Volcanic Resurfacing of Io: Post-Repair HST Imaging

J. Spencer, A. McEwen, M. McGrath, P. Sartoretti, D. Nash, K. Noll, and D. Gilmore

Submitted to Icarus July 20th 1996.

Revised December 2nd 1996, accepted December 12th 1996.

The following preprint is no longer available: my apologies.
Revised version now available in compressed postscript form, including figures (one in color) from here, or if that doesn't work, try anonymous ftp to ftp.lowell.edu, pub/spencer, and get file iohstrev.ps.Z. File size is 2.6 Mbytes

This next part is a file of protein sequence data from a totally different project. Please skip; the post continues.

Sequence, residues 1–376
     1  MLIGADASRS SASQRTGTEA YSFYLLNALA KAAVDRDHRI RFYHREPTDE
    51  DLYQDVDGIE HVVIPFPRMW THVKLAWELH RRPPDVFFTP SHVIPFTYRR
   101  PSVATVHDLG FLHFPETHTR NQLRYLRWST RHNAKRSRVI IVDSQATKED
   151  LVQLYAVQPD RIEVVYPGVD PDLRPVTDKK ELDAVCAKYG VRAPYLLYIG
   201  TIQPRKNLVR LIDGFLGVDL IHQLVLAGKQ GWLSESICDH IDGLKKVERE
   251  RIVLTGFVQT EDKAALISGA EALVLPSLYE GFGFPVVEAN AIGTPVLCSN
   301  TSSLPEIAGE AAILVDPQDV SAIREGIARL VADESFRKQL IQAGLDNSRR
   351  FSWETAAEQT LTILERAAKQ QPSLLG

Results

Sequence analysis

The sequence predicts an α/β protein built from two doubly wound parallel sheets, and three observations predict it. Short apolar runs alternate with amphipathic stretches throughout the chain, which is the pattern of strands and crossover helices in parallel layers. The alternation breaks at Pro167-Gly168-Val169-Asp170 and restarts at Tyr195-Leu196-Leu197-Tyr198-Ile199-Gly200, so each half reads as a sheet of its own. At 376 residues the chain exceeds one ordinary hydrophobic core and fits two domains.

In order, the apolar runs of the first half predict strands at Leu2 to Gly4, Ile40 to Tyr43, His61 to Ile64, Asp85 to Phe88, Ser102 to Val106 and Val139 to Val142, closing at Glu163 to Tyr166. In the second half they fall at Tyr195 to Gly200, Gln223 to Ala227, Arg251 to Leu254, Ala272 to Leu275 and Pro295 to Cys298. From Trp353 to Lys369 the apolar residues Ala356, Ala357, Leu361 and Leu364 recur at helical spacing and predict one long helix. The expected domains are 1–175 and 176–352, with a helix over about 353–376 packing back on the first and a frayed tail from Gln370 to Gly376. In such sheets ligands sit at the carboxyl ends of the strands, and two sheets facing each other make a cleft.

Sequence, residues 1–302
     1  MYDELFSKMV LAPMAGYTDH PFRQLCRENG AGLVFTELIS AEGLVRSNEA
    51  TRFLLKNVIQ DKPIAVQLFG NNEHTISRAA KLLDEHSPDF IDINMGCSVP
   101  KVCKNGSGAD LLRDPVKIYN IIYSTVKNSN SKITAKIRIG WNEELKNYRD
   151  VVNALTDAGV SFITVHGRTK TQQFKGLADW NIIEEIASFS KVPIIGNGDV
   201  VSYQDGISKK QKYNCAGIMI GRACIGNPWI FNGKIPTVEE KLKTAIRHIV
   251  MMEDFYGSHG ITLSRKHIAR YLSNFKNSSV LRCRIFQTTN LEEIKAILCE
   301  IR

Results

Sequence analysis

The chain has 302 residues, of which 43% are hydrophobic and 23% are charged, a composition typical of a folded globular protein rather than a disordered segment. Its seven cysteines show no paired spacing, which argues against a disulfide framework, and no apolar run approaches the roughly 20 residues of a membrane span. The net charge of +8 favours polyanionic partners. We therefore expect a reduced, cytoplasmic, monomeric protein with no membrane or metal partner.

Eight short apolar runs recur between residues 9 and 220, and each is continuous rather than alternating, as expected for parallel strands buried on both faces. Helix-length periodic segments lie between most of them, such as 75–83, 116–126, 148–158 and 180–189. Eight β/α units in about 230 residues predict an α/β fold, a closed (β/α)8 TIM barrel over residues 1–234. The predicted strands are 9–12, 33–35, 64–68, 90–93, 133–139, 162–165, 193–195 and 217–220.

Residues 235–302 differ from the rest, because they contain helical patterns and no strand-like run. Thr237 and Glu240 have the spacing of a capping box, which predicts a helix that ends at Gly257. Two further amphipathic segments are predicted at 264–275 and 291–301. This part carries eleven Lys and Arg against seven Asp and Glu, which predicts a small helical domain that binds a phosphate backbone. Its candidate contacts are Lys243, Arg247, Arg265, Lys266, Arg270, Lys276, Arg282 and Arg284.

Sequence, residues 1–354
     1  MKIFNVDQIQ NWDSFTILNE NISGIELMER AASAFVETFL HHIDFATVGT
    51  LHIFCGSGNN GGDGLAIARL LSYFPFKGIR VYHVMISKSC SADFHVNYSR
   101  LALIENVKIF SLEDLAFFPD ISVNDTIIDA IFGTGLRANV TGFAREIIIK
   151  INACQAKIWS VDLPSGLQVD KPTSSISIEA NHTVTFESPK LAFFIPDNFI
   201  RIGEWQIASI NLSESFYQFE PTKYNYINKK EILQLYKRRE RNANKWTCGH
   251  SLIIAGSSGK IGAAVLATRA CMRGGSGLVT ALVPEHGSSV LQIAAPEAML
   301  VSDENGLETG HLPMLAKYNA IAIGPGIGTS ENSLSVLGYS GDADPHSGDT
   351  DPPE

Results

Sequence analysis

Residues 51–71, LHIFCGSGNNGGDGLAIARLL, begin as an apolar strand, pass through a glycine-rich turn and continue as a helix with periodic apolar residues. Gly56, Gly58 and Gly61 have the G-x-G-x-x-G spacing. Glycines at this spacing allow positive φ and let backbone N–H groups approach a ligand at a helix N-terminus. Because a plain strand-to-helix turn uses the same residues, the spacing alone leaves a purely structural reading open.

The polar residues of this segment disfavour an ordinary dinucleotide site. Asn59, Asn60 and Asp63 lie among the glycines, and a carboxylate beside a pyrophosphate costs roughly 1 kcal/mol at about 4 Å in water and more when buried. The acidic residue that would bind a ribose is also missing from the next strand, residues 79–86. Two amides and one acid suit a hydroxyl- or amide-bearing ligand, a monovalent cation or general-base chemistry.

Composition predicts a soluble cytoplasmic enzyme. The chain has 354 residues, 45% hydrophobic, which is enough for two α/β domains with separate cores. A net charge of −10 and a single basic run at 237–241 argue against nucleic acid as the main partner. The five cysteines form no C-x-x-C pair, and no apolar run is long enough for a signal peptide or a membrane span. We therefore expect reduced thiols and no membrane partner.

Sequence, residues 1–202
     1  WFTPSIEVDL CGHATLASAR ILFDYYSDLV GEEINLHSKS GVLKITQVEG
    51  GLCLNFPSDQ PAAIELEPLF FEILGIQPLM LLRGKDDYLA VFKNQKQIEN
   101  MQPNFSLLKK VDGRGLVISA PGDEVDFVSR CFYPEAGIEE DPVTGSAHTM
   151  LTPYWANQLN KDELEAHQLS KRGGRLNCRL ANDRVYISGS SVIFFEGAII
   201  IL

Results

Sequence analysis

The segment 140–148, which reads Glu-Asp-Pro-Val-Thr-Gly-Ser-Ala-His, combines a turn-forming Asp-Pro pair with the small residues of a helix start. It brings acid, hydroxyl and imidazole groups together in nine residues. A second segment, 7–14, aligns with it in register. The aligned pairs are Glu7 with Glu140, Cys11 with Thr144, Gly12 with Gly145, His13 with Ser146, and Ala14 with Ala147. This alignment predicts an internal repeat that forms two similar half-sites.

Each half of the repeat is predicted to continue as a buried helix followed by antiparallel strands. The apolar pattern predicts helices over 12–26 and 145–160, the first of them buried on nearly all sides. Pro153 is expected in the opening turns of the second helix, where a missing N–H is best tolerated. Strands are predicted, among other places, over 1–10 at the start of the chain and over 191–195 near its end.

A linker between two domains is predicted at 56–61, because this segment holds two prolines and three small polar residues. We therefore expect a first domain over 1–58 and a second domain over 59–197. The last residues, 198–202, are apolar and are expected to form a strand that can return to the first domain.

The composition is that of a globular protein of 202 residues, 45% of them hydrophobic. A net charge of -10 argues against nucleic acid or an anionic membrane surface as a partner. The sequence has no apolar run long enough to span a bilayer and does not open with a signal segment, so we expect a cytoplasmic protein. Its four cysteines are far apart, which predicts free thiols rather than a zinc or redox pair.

In March 1994, we used the newly-refurbished Hubble Space Telescope (HST) to obtain global imaging of Io at five wavelengths between 0.34 and 1.02 microns, with a spatial resolution of 160 km. The images provided the clearest view of Io since Voyager and the first systematic observations in the 0.7-1.0 micron wavelength range. We have produced absolutely-calibrated global mosaics of Io's reflectance in all our five wavelengths. The near-infrared images reveal that the 0.55-0.7 micron absorption edge seen in Io's disk-integrated spectrum has a very different spatial distribution from the better-known 0.40-0.50 micron absorption edge studied by Voyager, and must be generated by a different chemical species. The 0.55-0.7 micron absorption edge is strongly concentrated in the pyroclastic ejecta blanket of the volcano Pele, at a few much smaller discrete spots, and probably also in the polar regions. The Pele ejecta spectrum is consistent with the idea that S2O, partially decomposed to S4 (and probably S3), may be the species responsible for the 0.55-0.7 micron absorption edge at Pele and elsewhere on Io, though S4 generated by other processes may also be a possibility. S2O can be produced by high-temperature decomposition of SO2 gas, and the high temperature of the Pele volcano may account for its concentration there. Spectral anomalies of comparable size and prominence are not seen around the other ``Pele type'' volcanos Surt and Aten (McEwen and Soderblom 1983), suggesting that these volcanos, if chemically similar to Pele, are much less active. The spectrum of high-latitude regions is similar to that of quenched red sulfur glass, and if this identification is not coincidental, the glass may be preserved here by the low polar surface temperatures. Alternatively, the low polar temperatures may preserve sulfur that has been reddened by radiation. There are many changes in albedo patterns in the 15 years between Voyager and these HST observations, but these are generally subtle at HST resolution and are not strongly concentrated in longitude. However there was a major brightening of a 400 km diameter region centered on Ra Patera between March 1994 and repeat HST observations in July 1995, which was a larger albedo change than any seen in the previous 15 years. This was presumably due to a large eruption at Ra Patera, as confirmed by Galileo images. Long-exposure eclipse images of Io at 1.02 microns on March 6th 1994 place strong limits on the area of exposed silicate magma on Io at the time of the observations.
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